Published: 01/05/2022

What questions or concerns can be expected from patients just starting the Atkins Diet?

As with any lifestyle change, beginning the Atkins Diet may feel confusing, uncomfortable, or even challenging for patients. Proactive prevention and timely management of potential negative effects of starting a new diet is key. Common patient concerns, include:

  • Electrolyte Imbalance: Ketosis has a diuretic effect and electrolyte disturbances may occur (this also accounts for the flu-like symptoms described below). Both sodium and potassium can be an issue, and while sodium can be supplemented with broth, potassium is more difficult to come by. Consider recommending more low-carbohydrate, potassium-rich foods (e.g., avocados and dark leafy greens) or prescribing a dietary supplement.
  • Flu-like Symptoms: Transient symptoms like headache, fatigue, lightheadedness, or diarrhea (aka, “keto flu”) are not uncommon in the initial days of adaptation and typically resolves in 7-10 days. If hypertension or heart failure is not present in your patient, consider adding fluid and a modem of sodium to their daily diet to prevent or minimize these experiences. As with viral flu, patients should rest and avoid heavy exertion if these symptoms occur.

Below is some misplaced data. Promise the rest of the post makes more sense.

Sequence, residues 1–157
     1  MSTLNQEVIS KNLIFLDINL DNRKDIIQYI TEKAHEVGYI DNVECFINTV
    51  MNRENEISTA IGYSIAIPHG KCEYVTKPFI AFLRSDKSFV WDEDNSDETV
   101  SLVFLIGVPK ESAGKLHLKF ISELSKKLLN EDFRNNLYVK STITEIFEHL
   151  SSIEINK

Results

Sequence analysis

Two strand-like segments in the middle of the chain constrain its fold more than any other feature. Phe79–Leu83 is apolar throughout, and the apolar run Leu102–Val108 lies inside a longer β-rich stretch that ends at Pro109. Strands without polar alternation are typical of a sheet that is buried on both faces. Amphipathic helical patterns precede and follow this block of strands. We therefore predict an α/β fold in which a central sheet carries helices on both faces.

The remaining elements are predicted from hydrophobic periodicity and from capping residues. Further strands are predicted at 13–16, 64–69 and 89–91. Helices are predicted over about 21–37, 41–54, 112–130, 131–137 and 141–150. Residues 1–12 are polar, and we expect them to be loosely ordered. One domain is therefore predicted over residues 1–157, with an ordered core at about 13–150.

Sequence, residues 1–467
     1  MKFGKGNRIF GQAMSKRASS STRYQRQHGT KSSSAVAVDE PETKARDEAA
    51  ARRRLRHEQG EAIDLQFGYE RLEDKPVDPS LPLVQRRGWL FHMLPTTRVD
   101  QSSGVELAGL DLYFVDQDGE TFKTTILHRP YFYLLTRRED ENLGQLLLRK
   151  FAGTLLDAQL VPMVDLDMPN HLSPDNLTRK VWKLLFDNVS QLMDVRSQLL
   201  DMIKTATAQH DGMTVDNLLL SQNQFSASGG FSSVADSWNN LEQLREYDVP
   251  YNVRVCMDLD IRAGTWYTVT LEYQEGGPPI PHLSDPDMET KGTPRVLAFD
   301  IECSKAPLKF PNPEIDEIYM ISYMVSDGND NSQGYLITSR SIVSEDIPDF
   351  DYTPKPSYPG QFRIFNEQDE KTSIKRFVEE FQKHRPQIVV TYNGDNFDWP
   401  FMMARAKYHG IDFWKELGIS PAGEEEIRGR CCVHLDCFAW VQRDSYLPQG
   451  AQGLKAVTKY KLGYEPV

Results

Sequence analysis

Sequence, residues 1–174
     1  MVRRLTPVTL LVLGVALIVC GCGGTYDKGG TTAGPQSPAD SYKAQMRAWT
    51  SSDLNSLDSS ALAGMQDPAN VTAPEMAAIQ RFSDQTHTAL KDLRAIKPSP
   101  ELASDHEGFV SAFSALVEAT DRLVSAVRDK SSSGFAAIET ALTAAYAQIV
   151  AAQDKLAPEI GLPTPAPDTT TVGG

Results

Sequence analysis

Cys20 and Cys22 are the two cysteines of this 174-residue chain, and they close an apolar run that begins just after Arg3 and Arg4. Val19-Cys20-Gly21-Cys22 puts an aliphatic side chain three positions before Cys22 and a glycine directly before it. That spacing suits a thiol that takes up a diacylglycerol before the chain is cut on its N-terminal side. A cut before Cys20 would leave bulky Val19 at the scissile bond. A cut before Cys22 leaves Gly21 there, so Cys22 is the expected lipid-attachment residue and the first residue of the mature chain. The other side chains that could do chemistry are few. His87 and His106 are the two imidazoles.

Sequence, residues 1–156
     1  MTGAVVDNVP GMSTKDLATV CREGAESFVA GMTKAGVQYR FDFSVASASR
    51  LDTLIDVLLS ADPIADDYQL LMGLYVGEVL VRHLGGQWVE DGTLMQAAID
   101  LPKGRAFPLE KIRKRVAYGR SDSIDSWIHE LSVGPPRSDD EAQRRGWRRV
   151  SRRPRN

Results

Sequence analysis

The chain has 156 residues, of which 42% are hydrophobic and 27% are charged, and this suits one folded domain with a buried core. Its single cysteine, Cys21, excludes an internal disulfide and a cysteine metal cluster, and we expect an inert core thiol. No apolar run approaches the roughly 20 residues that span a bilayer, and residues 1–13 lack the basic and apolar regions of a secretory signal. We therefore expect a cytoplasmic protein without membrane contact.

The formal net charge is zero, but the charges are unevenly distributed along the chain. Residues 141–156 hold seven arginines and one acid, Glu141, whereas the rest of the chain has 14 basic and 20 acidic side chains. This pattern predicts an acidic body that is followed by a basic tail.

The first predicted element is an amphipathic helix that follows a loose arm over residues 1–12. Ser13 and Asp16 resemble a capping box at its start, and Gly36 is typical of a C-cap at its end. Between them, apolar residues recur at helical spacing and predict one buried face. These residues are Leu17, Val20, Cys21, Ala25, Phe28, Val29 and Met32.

• Halitosis: Though a bit embarrassing, “keto breath” is an encouraging sign that fat loss has begun. Encourage patients to drink more water, maintain good oral hygiene, and use sugar-free breath fresheners like sugarless mints, chewing gum, or parsley. In some cases, macronutrient modification (i.e., decreasing protein and increasing fat) may be helpful. This usually resolves itself after the adaptation phase.
  • Constipation: As intake of fruits, whole grains, and starchy fibrous vegetables is curtailed, constipation may result. Emphasizing non-starchy vegetables high in insoluble fiber (e.g., Brussels sprouts, broccoli, carrots etc.), adequate water intake, and regular weight-bearing exercise can help patients avoid this uncomfortable side effect. If constipation does occur, stool softeners should be the first line of defense, followed by osmotic laxatives. Stimulant laxatives should not be used regularly due to potential risk of bowel hypotonia and dependency.
  • Hypoglycemia: It is important for patients to know that lowering carbohydrate intake is not expected to trigger a hypoglycemic episode when concomitant insulin secretagogues have been discontinued. Equally important, patients should understand that responding appropriately to signs of hypoglycemia, should they occur, is more critical for their immediate well-being than that day’s adherence to their low-carbohydrate eating plan.

For more information on how to manage or prevent potential side effects, see Low-Carbohydrate Nutrition Approaches in Patients with Obesity, Prediabetes and Type 2 Diabetes.